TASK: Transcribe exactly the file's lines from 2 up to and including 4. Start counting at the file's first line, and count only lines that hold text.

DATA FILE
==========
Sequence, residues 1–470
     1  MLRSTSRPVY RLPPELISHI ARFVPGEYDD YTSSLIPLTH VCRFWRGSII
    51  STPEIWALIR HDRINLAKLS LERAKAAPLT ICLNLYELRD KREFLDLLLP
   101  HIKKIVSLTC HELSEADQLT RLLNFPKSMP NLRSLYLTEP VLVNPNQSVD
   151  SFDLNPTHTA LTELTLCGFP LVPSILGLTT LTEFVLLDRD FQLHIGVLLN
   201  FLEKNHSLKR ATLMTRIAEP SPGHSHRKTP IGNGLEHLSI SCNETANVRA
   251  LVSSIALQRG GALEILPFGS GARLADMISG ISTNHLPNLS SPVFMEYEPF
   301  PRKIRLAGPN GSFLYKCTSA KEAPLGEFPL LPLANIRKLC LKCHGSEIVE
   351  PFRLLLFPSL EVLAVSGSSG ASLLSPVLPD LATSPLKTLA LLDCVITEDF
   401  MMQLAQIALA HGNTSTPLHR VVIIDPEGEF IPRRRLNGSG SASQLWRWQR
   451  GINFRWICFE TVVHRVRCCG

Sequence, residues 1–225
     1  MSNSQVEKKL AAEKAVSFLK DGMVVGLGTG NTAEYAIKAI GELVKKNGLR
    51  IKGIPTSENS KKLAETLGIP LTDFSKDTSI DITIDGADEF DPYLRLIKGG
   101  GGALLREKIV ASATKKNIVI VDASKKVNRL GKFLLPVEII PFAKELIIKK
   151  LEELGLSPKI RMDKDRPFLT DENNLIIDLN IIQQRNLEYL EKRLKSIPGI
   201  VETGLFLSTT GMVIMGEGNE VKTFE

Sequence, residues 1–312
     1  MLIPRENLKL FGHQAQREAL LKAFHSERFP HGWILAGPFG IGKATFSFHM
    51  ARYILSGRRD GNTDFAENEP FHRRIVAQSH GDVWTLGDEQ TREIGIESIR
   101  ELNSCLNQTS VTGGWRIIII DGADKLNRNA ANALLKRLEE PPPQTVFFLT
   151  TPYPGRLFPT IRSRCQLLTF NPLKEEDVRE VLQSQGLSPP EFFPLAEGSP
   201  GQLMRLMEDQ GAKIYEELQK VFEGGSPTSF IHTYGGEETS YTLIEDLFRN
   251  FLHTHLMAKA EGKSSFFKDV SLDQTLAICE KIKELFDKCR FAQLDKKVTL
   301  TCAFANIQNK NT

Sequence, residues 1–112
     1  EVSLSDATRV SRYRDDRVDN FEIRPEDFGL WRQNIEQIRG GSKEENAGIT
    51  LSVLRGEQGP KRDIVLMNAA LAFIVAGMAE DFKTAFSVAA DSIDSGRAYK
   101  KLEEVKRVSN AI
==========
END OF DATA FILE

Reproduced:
     1  MLRSTSRPVY RLPPELISHI ARFVPGEYDD YTSSLIPLTH VCRFWRGSII
    51  STPEIWALIR HDRINLAKLS LERAKAAPLT ICLNLYELRD KREFLDLLLP
   101  HIKKIVSLTC HELSEADQLT RLLNFPKSMP NLRSLYLTEP VLVNPNQSVD